Sunday, July 19, 2009

Civil Officers Receive Spokesperson Training


26 Civil officers from ten different ministries and eight provinces over the nation have participated in spokesperson training over five days, from July 13 to 17, 2009 in Phnom Penh. The training was organized by the Ministry of Information and sponsored by the Embassy of the United States of America in Cambodia.

Participating authorities included the Ministry of Rural Development, Ministry of Commerce, Ministry of Tourism, Ministry of Land Management Urban Planning and Construction, Ministry of Mines and Energy, Ministry of Agriculture, Forestry and Fisheries, Ministry of the Economy and Finance, and the Ministry of Education Youth and Sport. There were also delegates from the Council of Ministers and representatives from eight provinces including Banteay Meanchey, Battambang, Pailin, Kampong Cham, Rattanakiri, Siem Reap, Preah Sihanouk and Mondulkiri.

Khieu Kanharith, Minister of Information, said it marked the second time that the government has organized such courses. They will strengthen the ability of authorized individuals to describe government policy and achievements, their comments intended for broadcast by the various news and current affairs media.

“These meetings mark the first stage of the training process. They aim to train government officers about the role of the spokesperson. Having completed the training, candidates will be able to communicate with the media and members of the public. They will be able to speak about government policy, their ministries, or about subjects relevant to the country’s cities and provinces,” he said during his opening remarks on July 13.

The Minister pointed out that last month, 22 police officers, military police and ranking military officers received spokesperson training. The next step, he said, will involve training candidates to serve as Public Relations Officers with ministries, institutions, cities and provinces.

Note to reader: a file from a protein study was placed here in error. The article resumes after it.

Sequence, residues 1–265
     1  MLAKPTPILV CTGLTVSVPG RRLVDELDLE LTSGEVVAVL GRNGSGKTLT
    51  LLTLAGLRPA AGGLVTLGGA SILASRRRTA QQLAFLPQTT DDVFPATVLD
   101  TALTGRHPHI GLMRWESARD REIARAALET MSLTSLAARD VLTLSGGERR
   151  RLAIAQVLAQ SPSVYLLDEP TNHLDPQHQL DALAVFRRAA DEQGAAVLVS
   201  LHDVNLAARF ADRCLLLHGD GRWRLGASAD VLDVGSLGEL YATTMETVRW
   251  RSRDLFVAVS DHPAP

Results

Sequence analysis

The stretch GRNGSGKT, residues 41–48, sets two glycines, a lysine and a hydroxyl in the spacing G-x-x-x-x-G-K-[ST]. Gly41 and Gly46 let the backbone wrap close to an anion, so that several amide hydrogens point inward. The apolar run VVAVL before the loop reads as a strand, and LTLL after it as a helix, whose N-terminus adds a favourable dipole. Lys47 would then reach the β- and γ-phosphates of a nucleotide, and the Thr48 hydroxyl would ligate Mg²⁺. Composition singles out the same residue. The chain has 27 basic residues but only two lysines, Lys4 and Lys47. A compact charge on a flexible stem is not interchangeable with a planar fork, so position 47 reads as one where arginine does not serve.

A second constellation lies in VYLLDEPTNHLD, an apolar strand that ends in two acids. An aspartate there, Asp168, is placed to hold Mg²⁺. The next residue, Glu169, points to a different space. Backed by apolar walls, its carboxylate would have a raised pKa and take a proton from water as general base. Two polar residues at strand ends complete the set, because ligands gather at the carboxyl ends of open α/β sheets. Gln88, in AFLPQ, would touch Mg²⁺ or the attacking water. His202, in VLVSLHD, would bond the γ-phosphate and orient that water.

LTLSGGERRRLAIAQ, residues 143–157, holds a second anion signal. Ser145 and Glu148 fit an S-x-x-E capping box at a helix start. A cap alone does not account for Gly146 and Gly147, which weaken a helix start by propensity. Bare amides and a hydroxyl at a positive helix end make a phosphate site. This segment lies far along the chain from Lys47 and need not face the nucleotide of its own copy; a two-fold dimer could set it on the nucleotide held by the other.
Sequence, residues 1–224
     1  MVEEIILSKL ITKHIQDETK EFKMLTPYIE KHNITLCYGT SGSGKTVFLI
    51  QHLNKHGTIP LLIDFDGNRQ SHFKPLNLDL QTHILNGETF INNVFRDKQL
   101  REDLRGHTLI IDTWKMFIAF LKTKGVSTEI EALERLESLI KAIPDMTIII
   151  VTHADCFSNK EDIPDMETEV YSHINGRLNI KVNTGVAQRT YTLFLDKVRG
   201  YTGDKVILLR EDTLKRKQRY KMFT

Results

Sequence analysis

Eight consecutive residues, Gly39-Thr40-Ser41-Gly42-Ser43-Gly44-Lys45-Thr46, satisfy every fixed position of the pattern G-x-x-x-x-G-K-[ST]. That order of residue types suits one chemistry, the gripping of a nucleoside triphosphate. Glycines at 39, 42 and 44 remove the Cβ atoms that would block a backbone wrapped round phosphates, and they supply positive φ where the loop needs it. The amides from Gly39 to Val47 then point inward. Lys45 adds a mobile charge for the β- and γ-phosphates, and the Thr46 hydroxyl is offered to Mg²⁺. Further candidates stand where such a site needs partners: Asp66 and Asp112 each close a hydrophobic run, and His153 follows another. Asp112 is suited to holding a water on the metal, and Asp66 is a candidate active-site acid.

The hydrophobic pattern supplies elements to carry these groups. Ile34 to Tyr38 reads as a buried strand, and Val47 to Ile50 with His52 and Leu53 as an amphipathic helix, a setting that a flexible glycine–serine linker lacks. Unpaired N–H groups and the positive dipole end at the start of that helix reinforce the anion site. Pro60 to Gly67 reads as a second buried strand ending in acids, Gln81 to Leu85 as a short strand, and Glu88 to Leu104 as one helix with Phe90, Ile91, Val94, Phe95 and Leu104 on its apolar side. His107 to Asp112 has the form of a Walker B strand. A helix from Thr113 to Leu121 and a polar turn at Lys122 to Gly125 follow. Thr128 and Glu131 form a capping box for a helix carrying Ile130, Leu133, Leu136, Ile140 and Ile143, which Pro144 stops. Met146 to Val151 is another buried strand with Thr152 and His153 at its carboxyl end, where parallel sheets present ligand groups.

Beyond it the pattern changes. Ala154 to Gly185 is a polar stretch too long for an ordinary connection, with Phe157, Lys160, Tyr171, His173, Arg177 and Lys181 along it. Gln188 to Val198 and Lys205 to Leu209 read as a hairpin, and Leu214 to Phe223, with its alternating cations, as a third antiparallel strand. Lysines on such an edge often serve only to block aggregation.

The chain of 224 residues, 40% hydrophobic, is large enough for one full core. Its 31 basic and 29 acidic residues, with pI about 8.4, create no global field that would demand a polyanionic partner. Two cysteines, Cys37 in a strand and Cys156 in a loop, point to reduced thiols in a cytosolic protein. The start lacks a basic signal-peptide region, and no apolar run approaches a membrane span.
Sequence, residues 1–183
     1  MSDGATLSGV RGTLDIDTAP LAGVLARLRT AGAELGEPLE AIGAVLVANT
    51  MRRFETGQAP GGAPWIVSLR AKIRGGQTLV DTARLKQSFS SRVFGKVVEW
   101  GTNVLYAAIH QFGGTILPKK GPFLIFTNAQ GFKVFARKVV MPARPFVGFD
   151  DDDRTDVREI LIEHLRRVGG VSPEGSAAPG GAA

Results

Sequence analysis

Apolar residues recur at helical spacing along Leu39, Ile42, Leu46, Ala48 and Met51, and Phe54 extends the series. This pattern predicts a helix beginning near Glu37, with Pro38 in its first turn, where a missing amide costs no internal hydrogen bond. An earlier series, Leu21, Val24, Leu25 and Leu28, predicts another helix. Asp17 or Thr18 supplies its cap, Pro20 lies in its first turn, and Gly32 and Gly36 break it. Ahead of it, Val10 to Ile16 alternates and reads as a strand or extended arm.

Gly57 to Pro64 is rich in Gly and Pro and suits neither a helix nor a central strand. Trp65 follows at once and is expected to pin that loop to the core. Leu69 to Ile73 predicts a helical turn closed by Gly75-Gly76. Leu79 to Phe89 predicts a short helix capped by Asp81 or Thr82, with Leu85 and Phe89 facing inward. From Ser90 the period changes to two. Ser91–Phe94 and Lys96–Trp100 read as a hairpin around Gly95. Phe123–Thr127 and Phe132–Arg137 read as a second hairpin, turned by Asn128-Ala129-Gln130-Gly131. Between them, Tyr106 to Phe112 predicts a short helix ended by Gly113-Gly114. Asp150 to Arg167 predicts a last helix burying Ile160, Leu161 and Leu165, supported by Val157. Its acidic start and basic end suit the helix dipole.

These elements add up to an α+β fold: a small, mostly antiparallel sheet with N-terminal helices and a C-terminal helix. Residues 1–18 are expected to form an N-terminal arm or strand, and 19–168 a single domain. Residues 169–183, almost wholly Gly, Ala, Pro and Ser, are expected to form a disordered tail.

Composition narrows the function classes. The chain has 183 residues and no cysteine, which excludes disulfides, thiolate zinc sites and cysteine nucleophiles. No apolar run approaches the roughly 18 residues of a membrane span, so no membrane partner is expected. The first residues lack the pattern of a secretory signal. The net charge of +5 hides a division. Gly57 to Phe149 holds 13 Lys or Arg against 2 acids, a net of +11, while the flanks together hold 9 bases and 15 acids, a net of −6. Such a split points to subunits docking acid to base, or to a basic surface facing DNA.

So far, the Cambodian media has been playing an important role, cooperating and working hard with the Royal Government of Cambodia in promoting and therefore increasing the effectiveness of government policy, democracy and the rule of law, said Kanharith.

United States Ambassador to Cambodia, Carol A. Rodley, said that official spokespeople would serve as vital links between the Government and the Cambodian people and between the government and the rest of the world.

Rodley said that any government’s relationship with the media is sometimes strained and this is as true for the U.S.A. as it is for Cambodia and is a hallmark of communication for all nations that respect free speech.

“The reality is that public officials, private companies and the media need each other and that their relationship is mutually beneficial. The government needs the media to communicate with its people and the media needs the government to “feed the machines”- to provide information which keeps the papers and television stations running. This information exchange allows both bodies-the government and the media-to fulfill their primary duty which is to serve and to inform the people,” she said.

The American Ambassador continued to say that the fact the relationship is at times difficult is actually a positive quality, and represents the natural tension that exists between the media, tasked with translating and explaining government policies to the people, and the government whose tendency is to protect and preserve its status.

“I have no doubt that all of you are up to the task. Nevertheless, I stress the phrase working with the media, because to me that implies engaging with your counterparts in the press. Engaging with them will ensure that the government’s policies and priorities are clearly represented to the people. Being “in front” of the story or quickly providing accurate and concise information in response to a request or a crisis will allow you to dispel rumors, stamp out disinformation and inform your public,” she said.

She continued, “The Cambodian people, independently and through the media will at times both criticize and praise the work of your ministries, and they are entitled to their opinion. It will be your role to respond to them by providing the information they need to form a well balanced and accurate opinion, and not one based on rumors or hearsay.”

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